Return to the land of the living

Good morning, everyone. Yes, I am still alive, and today I feel more like a person and less like a zombie. Wow. It’s been years since I have been that sick. I hated to miss a post, but yesterday I was so out of it I don’t think it would have made any sense.

I don’t think I’m making sense yet, but I am going to post something, mostly because the verse today is challenging.

Matthew 5:43-45

 43 “You have heard the law that says, ‘Love your neighbor’[a] and hate your enemy. 44 But I say, love your enemies![b] Pray for those who persecute you! 45 In that way, you will be acting as true children of your Father in heaven. For he gives his sunlight to both the evil and the good, and he sends rain on the just and the unjust alike.

Part of what makes me love Jesus so much was that He was always challenging the normal way of thinking. He was a rebel with a cause, determined to show people that the religious authorities of the time were fake and that God wanted something real.

This verse is a good example of the paradox of Christianity. Love your enemies. A different translation says to bless those who curse you and to do good to those who hate you. Somewhere else it says to pray for those who use you and persecute you.

As believers, we are to love the people who hate us and discriminate against us. 

Does that sound crazy to anyone else?

I also think of the Beatitudes. What sense do those make? The poor are blessed. The sick are blessed. The weak are blessed?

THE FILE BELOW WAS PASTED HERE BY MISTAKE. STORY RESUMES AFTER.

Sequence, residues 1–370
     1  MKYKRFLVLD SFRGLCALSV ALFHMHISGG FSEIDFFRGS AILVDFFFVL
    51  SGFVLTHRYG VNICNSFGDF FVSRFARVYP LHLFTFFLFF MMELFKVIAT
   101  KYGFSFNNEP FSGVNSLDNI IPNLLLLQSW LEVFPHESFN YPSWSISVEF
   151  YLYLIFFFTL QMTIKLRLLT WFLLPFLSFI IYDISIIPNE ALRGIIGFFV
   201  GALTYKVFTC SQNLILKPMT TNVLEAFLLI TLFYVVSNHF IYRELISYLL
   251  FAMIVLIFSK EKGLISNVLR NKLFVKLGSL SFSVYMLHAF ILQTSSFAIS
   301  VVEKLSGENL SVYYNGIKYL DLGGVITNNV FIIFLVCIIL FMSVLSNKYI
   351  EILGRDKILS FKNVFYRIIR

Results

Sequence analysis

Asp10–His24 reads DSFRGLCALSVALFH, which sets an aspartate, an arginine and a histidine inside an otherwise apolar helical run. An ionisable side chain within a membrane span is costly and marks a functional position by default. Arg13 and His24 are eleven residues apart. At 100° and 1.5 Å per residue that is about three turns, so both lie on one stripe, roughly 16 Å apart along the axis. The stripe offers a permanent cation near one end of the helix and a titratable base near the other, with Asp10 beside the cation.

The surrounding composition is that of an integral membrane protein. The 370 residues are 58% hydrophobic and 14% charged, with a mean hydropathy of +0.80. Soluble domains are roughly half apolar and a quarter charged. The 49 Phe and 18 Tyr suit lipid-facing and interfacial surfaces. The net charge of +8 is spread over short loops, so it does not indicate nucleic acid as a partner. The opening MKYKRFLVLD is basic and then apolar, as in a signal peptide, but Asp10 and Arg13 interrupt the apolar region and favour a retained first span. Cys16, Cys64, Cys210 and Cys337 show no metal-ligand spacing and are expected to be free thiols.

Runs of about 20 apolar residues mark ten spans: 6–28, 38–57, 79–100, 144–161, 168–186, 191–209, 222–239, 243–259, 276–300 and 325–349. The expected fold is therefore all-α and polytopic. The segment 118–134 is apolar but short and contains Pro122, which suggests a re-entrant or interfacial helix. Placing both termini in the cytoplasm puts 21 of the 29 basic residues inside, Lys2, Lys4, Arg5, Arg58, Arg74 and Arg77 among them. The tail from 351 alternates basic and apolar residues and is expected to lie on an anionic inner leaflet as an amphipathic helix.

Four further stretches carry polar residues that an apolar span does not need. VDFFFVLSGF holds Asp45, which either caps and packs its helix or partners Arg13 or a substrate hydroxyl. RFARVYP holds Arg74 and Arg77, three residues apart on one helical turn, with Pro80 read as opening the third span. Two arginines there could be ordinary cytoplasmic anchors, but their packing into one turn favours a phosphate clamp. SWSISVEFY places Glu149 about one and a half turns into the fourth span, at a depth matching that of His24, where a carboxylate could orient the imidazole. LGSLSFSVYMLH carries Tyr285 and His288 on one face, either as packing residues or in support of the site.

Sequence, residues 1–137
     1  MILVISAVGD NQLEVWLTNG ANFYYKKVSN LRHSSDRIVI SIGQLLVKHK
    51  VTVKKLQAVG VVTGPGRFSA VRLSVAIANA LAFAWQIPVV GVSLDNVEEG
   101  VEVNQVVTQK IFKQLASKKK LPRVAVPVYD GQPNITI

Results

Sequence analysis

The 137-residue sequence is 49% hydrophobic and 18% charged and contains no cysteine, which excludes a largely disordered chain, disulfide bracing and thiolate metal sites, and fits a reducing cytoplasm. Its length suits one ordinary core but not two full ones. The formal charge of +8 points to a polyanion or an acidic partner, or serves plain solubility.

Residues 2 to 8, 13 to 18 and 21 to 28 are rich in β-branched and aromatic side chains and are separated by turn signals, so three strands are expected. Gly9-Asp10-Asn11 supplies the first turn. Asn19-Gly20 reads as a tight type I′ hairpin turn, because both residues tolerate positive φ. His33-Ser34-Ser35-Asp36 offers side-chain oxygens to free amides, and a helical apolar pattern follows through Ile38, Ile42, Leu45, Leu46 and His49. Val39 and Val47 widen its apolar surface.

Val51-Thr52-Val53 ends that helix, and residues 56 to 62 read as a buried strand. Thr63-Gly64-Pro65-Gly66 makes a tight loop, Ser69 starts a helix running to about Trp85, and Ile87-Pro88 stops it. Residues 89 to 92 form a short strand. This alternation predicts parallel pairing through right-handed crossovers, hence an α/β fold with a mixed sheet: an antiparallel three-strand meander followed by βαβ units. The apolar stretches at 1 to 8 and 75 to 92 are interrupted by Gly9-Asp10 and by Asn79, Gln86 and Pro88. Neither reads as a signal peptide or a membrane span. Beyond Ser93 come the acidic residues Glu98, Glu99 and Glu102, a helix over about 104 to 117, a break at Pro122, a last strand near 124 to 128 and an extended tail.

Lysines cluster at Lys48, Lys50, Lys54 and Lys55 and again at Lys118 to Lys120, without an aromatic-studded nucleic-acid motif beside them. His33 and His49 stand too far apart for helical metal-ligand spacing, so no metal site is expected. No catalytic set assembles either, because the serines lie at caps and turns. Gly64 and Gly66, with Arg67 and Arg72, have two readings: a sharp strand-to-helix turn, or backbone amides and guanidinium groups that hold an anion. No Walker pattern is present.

It’s a paradox.

And probably the biggest one of all — that we have to be childlike to enter the kingdom of heaven. Wouldn’t you think our maturity and our experience in faith and life sets us apart from children? Not according to Christ. According to Him, we have to be just like little children to enter heaven, coming to Him for everything, trusting Him that He knows what He’s doing.

Show me an adult who truly trusts someone else. Adults have trust issues. Children don’t (although in our society, that has changed).

We can learn a lot from children. I can tell you honestly that I learned more from the teenagers I worked with than I ever did from anyone my own age.

I guess what I got out of the verse this morning is just a reminder that as Christians we aren’t supposed to stick to the status quo. Not that we are to live above our outside the rules and the law of the land we live in — or that we should go around challenging every authority we find — that’s foolish and combative and very unChristlike.

But are we supposed to be satisfied plugging away at the daily grind never achieving anything for Christ? Are we supposed to be content in our comfort zones, never rocking the boat, never being different, never standing out? Are we supposed to just rock along with the expectations of our peers and our families and our churches and our country?

I don’t think so. At least, I’m pretty sure that’s not what God has called me to do. We are called to be different. Unique. Peculiar. We’re supposed to stand out. People are supposed to know that we’re different. And they won’t know that if we blend in with the rest of the world. 

What’s nice is that in this world it is easier and easier to be different. If you love your enemies, that’s enough to make everyone look at you funny. If you extend mercy to those who deserve punishment, people will wonder what’s wrong with you. And when they ask you why you’re such a weirdo, you have the privilege of telling them that you’re doing as Jesus said–you’re a Child of God and you want to act like it so that everyone will know the truth.

Love your enemies.

It’s a paradox, but it works.